Nevertheless, once again and decades later, the species finds itself a step away from extinction, this time due to a host of threats, both ecological and human-induced. Today, the world’s most threatened Sea Lion species is reduced to a population estimated to be between 11,600 and 15,200 individuals and limited to the New Zealand Subantarctic Islands, with small colonies on Stewart Island and along the Southeast coast of Otago. As the Auckland Islands form the breeding ground for 95 per cent of the New Zealand Sea Lion population, Auckland Islands tourism represents a critical opportunity to share this precious and perishing species with the world. Here, pup numbers have tragically plummeted by a startling 50 per cent since 1998.
While the reasons for their decline are varied, fisheries are the most pervasive and relevant threat to the New Zealand Sea Lion population. Subantarctic squid, scampi trawl fisheries, and southern blue whiting fishery are the primary fisheries operating in their foraging grounds. Not only do these industries deplete their food source, but the squid trawl nets in particular are notorious for accidentally trapping Sea Lions. Alarmingly, fisheries operate from February to May, overlapping with the first four months of Sea Lion nursing. While nursing, females must limit their foraging range, making them more susceptible to colliding with squid trawl nets around the Auckland Islands. This is exacerbated by the fact that females have a lower survival rate than males and when caught, most females are nursing and pregnant, meaning that they will leave behind a starving pup, destined to die without a mother. On a positive note, fisheries have developed tools called SLEDs (Sea Lion exclusion devices) in an attempt to prevent accidental bycatch; however, their efficacy is debatable.
Disease has had a tremendous impact on an already volatile New Zealand Sea Lion population, particularly vulnerable due to their restricted range. During disease outbreaks, pups are most at risk with a loss of 21 to 53 per cent during recorded bacterial infections. Other risk factors for the New Zealand Sea Lion include starvation due to decreased prey availability, pups falling into holes (specifically rabbit holes where they have been introduced), and aggression by male Sea Lions.
How to See New Zealand Sea Lions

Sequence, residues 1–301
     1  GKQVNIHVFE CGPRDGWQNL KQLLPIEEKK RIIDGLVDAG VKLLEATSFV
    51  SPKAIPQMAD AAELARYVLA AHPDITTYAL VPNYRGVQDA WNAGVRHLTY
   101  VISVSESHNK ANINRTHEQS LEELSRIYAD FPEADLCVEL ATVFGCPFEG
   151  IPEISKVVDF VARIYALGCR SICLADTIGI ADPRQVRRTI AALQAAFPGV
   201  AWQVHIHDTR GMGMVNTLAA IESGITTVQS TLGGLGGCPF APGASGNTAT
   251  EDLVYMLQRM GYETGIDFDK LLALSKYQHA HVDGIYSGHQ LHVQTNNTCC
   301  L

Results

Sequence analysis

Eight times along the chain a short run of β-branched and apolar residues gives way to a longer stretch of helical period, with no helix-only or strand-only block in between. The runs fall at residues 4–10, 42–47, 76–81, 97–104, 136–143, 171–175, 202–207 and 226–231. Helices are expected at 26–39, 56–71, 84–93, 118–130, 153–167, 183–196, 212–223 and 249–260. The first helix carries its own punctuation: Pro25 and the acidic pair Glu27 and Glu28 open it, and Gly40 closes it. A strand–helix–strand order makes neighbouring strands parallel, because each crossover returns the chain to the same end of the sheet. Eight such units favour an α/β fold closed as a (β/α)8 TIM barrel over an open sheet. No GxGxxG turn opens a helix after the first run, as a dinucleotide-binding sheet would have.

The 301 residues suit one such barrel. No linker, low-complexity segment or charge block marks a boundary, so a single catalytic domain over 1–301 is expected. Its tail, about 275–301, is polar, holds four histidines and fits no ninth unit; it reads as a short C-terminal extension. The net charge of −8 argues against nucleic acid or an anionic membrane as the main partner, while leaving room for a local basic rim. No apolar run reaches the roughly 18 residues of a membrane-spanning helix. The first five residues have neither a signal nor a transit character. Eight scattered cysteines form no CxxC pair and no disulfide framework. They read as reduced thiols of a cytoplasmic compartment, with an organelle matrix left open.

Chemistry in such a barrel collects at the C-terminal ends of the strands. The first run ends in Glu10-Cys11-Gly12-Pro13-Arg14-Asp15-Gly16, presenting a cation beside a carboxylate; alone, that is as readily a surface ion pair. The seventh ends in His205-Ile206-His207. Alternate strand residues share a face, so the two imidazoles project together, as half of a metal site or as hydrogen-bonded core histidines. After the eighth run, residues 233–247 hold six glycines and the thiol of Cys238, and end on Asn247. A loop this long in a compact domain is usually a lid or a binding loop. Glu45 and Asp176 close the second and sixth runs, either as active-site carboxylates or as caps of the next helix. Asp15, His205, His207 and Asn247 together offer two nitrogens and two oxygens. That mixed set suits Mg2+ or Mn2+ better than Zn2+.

Travel to the Auckland Islands by way of sea is a leisurely yet riveting way to experience the islands south of New Zealand while witnessing rare and unique animals such as the New Zealand Sea Lion. Our four expeditions to the Subanarctic Islands include exploration of the Auckland Islands:
'Birding Down Under: Subantarctic and Chatham Islands' is the only expedition to cover the collection of the Snares, Bounty Island, Antipodes Islands, Auckland Islands, Campbell Island, Macquarie Island and Chatham Islands, all of which are considered a birder’s greatest paradise, in a single voyage.
Our expedition cruise, 'Forgotten Islands of the South Pacific: Subantarctic Islands' includes a visit to Enderby Island, one of the most alluring islands of the group and home to a breeding population of New Zealand Sea Lions.
'Beyond Fiordland: New Zealand's Wildest Islands' is an 11-day adventure expedition down to Campbell and the Auckland Islands as well as Stewart Island's predator-free native bird sanctuary Ulva Island and into majestic Fiordland.
Lastly, 'Galapagos of the Southern Ocean: Subantarctic Islands' invites a deep immersion into the rich biodiversity of the Subantarctic Islands with exclusive birding opportunities and otherworldly scenes such as colonies of Elephant Seals lounging in the sand dunes.
To cruise to Auckland Islands is to voyage as far south as possible before entering the South Pole. As otherworldly and majestic is the landscape, so too are its unusual inhabitants and an opportunity to see the endangered New Zealand Sea Lion in its element is a pinnacle highlight of an Auckland Islands tour.
VIDEO: WWF-New Zealand